In contrast, Vallières' misinterpreted the message in Frantz Fanon's Wretched of the Earth in his "Négres blancs d'Amérique" (White niggers of America) and voiced the sentiments of petty bourgeois youth best illustrated by enthusiastic approval of Michèle Lalonde's poem "Speak White" at a gathering on May 27, 1968.

While Mills points out that the activists of the 60s borrowed the language of anti-colonialism, he does not seem to recognize that even Québec bourgeoisie used the concept of decolonization in their struggle for economic power. Moreover, Québec nationalists ignored their own history as a colonial settler society that oppressed the first nation people and led people like Raoul Roy to see immigrants as "tools of imperial power."

The workers movement in Québec was more advanced than elsewhere in North America. Taxi drivers named their newly constituted union as "Mouvement de libération du Taxi." At a rally during the general strike of 1972, speakers stressed that the Québecois state protected the interest of both the English and French speaking bosses. Mills correctly points out that the more the movement addressed the issues faced by the workers, the more hollow became the theory of decolonization of Québec.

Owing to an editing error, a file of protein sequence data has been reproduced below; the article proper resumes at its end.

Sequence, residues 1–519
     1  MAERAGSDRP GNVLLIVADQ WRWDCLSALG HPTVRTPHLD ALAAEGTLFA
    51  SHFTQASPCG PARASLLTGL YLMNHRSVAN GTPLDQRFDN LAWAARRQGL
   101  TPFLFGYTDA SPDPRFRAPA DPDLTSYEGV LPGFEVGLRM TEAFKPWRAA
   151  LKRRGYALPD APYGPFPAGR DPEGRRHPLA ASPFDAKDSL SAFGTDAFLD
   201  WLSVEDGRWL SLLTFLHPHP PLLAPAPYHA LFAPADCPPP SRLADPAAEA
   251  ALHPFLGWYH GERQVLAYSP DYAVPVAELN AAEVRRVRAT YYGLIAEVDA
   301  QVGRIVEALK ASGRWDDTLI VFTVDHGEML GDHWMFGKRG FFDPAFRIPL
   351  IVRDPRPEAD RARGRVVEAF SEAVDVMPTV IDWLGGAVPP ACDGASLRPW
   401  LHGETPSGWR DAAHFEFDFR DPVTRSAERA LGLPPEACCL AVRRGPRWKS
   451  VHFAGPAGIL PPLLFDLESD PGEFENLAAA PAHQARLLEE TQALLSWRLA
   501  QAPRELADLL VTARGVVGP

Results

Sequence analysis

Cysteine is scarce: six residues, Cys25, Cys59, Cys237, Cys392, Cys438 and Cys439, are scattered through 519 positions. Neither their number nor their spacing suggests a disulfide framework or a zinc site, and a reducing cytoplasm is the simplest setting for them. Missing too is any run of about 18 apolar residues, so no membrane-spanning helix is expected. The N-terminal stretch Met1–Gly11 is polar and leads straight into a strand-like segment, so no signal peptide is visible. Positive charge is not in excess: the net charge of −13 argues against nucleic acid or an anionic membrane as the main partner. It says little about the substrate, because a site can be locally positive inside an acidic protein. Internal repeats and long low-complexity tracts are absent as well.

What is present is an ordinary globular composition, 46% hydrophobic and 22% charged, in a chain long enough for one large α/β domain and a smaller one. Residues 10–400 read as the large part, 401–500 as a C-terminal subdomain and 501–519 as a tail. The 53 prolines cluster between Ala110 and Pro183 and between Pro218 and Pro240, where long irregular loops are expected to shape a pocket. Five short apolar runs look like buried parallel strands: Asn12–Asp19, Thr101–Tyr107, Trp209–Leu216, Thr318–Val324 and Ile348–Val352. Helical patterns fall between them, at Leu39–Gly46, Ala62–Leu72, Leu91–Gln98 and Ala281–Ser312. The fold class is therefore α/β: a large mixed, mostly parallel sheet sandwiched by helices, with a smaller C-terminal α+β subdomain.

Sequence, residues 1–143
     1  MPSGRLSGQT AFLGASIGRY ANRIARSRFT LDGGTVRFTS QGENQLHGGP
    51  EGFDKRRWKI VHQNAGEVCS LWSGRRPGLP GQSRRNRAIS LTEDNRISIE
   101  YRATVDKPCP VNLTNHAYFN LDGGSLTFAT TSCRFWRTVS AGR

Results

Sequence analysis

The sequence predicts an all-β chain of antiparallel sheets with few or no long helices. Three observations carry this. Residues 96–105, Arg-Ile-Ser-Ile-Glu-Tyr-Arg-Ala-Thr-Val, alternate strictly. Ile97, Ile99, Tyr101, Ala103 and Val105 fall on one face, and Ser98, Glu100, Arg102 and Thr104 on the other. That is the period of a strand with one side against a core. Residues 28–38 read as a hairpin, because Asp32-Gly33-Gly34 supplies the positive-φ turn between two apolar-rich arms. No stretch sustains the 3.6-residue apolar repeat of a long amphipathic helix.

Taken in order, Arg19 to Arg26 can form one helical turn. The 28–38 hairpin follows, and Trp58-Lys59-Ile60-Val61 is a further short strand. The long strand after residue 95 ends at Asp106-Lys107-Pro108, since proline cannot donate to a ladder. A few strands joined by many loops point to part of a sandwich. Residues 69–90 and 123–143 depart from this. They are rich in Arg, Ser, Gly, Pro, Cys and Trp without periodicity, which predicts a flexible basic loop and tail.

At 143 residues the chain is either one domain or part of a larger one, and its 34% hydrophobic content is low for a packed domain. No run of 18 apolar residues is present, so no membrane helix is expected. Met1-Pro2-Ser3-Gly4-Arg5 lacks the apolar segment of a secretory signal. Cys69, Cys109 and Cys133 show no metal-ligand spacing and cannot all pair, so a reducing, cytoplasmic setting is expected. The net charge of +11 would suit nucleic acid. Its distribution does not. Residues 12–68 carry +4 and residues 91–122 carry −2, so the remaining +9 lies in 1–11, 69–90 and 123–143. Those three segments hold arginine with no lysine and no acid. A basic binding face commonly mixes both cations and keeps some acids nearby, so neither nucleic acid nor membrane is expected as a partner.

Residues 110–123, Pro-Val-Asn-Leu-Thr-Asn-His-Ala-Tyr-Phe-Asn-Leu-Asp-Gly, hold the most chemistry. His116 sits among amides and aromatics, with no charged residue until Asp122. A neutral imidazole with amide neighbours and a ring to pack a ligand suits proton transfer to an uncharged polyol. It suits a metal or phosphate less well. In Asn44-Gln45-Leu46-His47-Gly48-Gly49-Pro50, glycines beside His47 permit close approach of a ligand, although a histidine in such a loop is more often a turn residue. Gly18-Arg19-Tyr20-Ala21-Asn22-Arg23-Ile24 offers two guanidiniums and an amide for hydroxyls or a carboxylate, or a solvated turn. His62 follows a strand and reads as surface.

The founding of the two Marxist-Leninist (ML) organizations, En Lutte led by Gagnon and the Workers Communist Party (PCO/WCP) smashed the theory of the French/English dichotomy as the principle contradiction and brought to the fore the contradictions between Canadian working class against the Canadian bourgeoisie. Although En Lutte also stressed the role of U.S. imperialism, both trends thought that the demand for independence would divide the Canadian working class and people against the principal enemy although they did recognize Québec as "an oppressed nation." These two organizations could mobilize over 5,000 people for their activities, with over 2,000 members and organized sympathizers across Canada. Such was their influence that during the 1980 referendum, they were accused by the Parti Québecois (PQ) of sabotaging the Yes side by calling on the voters to spoil ballots.